Are Starlink satellites taking up too much space in the sky? These days, they have repeatedly spoiled the observation of comet Neowise.

And yet, comet C / 2020 F3 is rare, very rare, in the sky, since its next passage is expected in… 6800 years. Néowise is visible to the naked eye from France for a few more days. An event for all astronomy enthusiasts, but also, of course, astrophysicists.

The comet made up of ice and dust is located 103 million kilometers from Earth.

Light pollution

Only here, in space, there are also the hundreds of Starlink satellites, launched by SpaceX, the astronautics company of Elon Musk and his eponymous rocket.

As a result, when astronomers want to immortalize the passage of comet Néowise, they sometimes have to deal with real light pollution caused by the satellites of the American billionaire.

The image captured by photographer Daniel Lopez and published on his Facebook page bears witness to this. She compiled 17 photos of 30 seconds of exposure. The white lines that spoil the stellar landscape are just as many Starlink satellites.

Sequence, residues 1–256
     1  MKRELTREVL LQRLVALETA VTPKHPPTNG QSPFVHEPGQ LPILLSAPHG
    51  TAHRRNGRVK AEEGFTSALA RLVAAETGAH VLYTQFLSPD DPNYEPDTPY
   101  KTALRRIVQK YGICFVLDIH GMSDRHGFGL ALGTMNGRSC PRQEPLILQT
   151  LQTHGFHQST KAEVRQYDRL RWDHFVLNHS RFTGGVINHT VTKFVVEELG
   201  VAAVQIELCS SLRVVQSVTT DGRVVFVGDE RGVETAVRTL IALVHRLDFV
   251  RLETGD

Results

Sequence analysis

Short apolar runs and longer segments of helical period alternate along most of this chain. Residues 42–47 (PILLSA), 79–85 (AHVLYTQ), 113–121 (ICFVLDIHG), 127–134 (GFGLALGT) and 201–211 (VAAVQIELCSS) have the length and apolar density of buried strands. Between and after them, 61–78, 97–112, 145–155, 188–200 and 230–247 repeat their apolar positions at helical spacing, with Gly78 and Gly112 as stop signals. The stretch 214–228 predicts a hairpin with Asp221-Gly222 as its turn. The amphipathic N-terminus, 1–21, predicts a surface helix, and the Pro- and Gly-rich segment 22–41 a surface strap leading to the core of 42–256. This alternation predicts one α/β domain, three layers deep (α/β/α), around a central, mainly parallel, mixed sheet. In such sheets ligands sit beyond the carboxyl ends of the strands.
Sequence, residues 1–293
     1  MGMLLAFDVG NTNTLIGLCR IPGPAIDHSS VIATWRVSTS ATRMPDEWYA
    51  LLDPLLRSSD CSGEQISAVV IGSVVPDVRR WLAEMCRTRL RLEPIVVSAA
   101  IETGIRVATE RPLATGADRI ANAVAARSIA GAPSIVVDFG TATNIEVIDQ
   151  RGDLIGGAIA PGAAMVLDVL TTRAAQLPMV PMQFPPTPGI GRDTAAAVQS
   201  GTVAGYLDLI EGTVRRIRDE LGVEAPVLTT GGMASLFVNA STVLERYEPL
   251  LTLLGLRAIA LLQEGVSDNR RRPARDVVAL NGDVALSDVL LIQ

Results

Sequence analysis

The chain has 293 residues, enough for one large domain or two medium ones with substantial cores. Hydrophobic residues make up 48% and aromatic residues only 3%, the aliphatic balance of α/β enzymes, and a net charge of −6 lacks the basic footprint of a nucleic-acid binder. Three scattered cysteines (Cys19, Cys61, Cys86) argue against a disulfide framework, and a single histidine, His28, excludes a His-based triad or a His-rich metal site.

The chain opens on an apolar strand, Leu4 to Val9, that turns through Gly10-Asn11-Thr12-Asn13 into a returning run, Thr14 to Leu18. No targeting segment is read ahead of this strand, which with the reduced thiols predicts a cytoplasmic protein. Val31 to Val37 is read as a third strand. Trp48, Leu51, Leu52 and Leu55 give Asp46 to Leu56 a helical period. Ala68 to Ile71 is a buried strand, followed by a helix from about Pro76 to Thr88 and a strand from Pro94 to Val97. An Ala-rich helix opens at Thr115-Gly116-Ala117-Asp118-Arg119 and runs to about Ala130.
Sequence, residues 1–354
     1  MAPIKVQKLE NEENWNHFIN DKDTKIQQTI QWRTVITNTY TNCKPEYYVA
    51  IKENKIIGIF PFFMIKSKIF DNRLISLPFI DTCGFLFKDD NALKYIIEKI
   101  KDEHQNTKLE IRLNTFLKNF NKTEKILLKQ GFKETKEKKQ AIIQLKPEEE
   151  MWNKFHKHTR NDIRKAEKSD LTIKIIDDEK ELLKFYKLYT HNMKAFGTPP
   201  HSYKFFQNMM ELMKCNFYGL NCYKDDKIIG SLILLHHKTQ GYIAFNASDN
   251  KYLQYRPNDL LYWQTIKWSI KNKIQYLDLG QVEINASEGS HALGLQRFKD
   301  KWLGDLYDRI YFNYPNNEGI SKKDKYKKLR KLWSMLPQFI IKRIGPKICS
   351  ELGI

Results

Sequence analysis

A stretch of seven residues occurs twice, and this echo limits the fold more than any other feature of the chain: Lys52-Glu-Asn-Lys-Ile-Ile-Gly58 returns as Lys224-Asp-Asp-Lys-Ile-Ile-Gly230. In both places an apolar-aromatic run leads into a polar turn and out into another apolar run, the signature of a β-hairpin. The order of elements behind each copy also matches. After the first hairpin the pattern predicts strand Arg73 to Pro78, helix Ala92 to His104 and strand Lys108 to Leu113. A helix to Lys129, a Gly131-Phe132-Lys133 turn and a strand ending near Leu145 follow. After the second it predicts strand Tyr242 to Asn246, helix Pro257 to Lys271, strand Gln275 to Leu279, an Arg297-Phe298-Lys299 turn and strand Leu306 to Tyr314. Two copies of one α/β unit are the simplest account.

Not a first

This is not the first time that Elon Musk and his satellites have angered astronomers. Already in November, while they were impatiently awaiting a meteor shower, they were treated to a cloud of brilliant welts, the famous satellites.

Elon Musk reacted with a tweet by announcing that he had asked SpaceX engineers to reduce glare from satellites. They obviously did not find the solution!

If the Starlinks wreak such havoc in the sky, it is mainly because they are placed in orbit at low altitude, that is to say 346 kilometers when they should logically be positioned at an altitude of 550 km. . What is more, Elon Musk’s project ultimately foresees more than 7,500 satellites in this same orbit.